Unfortunately, scenes of violence marked by individuals acting out in dramatic fashion have become a fixture of the daily news cycle, too often taking place in a hospital, medical office building or other care centers. Clinicians and healthcare executives carry the responsibility of initiating actions to minimize and mitigate the risk of these events at their facilities.
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These events invariably cause leadership of organizations to review current security measures in place and explore what adjustments can be made while being economically responsible. All too often, initial reaction might be to contract with a security firm or hire a consultant to first conduct an assessment and then provide an action plan with targeted recommendations.

This paper will identify strategies and tools for managing security risks with minimal cost by promoting the utilization of readily available resources which in many cases are available at no cost.

These programs have the potential to dramatically improve your organization’s risk awareness, underlying factors of volatile incidents and provide practical solutions to dramatically improve your organization’s security management program.

Developing communication.

It comes as no surprise that many incidents of violence in the healthcare setting come from a disgruntled patient or family member lashing out following a deeply traumatic event. Many of these individuals involved had no previous history of violence or threatening behavior. There are an endless number of reasons an individual chooses to take radical and violent action against a healthcare employee, but the majority stem from incidents involving an agitated patient or family member. In many cases, actions follow an initial frustration of being ignored, disrespected or marginalized by a staff member.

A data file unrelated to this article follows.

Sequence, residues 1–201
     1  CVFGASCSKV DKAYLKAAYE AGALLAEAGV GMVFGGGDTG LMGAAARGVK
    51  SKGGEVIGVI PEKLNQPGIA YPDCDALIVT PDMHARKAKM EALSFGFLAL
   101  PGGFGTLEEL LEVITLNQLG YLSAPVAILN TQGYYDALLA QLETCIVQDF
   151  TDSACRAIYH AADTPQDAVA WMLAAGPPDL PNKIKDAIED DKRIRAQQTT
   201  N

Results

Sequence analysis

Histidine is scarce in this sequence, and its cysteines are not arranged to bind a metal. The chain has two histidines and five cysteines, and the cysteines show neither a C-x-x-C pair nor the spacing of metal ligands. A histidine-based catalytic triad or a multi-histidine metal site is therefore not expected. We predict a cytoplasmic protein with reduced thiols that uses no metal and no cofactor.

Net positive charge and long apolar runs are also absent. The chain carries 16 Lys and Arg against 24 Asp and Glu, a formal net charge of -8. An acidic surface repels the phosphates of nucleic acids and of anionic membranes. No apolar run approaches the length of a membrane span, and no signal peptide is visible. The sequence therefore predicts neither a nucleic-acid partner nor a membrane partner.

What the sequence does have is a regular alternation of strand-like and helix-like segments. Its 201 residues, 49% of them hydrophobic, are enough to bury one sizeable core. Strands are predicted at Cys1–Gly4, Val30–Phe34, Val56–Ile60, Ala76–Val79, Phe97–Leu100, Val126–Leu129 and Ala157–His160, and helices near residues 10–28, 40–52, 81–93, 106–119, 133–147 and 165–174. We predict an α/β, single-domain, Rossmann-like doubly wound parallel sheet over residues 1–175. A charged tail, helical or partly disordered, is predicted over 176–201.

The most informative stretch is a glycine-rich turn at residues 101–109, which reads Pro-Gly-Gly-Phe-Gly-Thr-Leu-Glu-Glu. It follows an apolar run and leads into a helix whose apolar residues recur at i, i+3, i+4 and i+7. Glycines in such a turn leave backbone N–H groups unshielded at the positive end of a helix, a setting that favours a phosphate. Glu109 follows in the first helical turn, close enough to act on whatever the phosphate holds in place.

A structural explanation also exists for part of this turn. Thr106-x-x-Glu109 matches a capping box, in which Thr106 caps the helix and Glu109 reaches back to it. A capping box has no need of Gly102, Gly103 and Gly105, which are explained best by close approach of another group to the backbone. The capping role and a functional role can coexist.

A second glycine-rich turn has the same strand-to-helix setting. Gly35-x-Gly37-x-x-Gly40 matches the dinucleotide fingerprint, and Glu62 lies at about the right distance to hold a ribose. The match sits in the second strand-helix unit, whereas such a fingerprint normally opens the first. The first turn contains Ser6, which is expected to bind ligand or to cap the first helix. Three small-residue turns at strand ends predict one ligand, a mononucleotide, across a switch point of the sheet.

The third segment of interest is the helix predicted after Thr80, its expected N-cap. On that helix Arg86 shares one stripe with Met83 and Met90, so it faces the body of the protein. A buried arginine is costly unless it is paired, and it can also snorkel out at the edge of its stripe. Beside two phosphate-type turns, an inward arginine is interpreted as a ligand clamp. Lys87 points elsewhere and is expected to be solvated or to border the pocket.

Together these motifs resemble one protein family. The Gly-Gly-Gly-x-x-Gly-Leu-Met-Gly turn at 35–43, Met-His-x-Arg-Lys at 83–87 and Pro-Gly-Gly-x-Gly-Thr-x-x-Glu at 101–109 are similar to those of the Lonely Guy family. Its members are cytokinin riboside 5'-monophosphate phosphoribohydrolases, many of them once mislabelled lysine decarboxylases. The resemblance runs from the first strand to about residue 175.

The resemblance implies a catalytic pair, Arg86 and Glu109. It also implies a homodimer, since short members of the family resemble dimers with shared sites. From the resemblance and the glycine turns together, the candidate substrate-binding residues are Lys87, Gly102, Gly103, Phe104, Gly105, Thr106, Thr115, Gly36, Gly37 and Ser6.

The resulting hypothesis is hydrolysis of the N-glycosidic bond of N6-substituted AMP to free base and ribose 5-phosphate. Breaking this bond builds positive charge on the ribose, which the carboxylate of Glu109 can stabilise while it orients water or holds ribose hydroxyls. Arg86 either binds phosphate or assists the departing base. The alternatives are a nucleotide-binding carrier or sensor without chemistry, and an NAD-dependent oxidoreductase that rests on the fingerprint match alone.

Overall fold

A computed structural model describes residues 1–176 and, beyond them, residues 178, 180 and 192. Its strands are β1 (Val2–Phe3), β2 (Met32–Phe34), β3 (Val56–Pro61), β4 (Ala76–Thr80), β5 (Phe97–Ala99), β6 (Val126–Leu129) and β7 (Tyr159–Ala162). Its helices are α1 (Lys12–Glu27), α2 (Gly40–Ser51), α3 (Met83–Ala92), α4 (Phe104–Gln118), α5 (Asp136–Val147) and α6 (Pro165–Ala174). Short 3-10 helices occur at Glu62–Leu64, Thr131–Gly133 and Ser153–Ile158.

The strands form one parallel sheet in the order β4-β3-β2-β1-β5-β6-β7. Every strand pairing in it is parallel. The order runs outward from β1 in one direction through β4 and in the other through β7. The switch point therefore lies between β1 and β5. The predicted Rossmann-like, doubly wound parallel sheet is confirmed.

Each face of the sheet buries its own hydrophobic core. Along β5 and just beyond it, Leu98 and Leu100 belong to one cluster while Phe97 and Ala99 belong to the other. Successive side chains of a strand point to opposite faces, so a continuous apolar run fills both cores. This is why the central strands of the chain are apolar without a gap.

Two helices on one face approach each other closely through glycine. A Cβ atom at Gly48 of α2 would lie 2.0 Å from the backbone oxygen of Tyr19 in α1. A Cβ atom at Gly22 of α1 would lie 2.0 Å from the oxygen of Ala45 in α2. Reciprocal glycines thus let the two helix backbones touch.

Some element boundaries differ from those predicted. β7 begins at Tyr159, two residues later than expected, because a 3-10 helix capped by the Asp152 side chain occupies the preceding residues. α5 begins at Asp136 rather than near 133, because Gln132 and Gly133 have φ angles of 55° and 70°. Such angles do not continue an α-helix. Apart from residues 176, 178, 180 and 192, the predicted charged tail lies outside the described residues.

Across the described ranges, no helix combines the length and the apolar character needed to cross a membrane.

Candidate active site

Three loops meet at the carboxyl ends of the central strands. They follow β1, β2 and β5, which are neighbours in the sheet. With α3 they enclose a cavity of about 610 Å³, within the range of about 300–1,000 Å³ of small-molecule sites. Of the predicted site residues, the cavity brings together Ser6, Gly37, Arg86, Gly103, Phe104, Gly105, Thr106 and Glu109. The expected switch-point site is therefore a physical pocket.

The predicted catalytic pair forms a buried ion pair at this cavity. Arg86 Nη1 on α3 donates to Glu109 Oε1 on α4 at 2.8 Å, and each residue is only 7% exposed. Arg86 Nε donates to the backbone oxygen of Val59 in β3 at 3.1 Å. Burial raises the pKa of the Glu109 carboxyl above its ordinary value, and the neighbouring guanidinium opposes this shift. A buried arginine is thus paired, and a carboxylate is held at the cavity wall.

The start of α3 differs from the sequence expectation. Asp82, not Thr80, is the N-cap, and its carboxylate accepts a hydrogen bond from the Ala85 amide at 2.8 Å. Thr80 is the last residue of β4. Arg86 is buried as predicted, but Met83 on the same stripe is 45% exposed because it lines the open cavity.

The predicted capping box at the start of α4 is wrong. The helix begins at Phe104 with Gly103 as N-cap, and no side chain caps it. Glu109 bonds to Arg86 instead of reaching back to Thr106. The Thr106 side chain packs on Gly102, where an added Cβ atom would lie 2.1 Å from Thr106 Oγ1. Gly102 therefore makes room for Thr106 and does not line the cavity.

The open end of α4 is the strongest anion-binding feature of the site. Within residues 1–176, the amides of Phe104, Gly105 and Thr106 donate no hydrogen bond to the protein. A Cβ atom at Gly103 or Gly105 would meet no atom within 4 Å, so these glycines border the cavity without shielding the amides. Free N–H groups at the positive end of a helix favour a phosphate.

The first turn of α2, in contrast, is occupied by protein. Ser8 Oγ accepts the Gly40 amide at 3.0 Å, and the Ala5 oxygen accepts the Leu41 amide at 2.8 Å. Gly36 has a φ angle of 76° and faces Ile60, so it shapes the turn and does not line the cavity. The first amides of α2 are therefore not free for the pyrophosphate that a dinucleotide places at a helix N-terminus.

Tools are often available within organizations to assist staff with these moments. Many organizations have active ongoing educational programs on “Disclosure” (Communicating an adverse outcome to patients and family members), “Managing the agitated patient,” “Communication repair with the patient” and numerous other educational programs focused on providing the clinician with communication skills to manage an agitated disgruntled patient. These programs are not promoted as “security” training, but effectively deliver the elements of a comprehensive training program for identifying escalating situations and implementing communication tools to de-escalate these situations. Leaders should carefully consider these programs for all staff, not solely clinicians, especially as frustrations over changes and complications in the healthcare system continue to mount.

Quality resources at no cost.

Appointing responsibility to an individual or committee is a practical place to start. As a first step, reference the OSHA document, “Guidelines for Preventing workplace violence for healthcare workers,” which can be accessed at https://www.osha.gov/publications/osha3148.pdf. These guidelines provide excellent information for structuring a security management program for healthcare workers.

The next potentially expensive element is staff training. Again, hiring a consultant or security firm may provide a desired result but require significant costs. A less expensive alternative that in no way compromises quality is NIOSH’s training program for healthcare workers. This is an excellent free resource consisting of 13 video units each running 15 minutes (CEs are available). The program can be accessed at http://www.cdc.gov/niosh/topics/violence/ Training_nurses.html.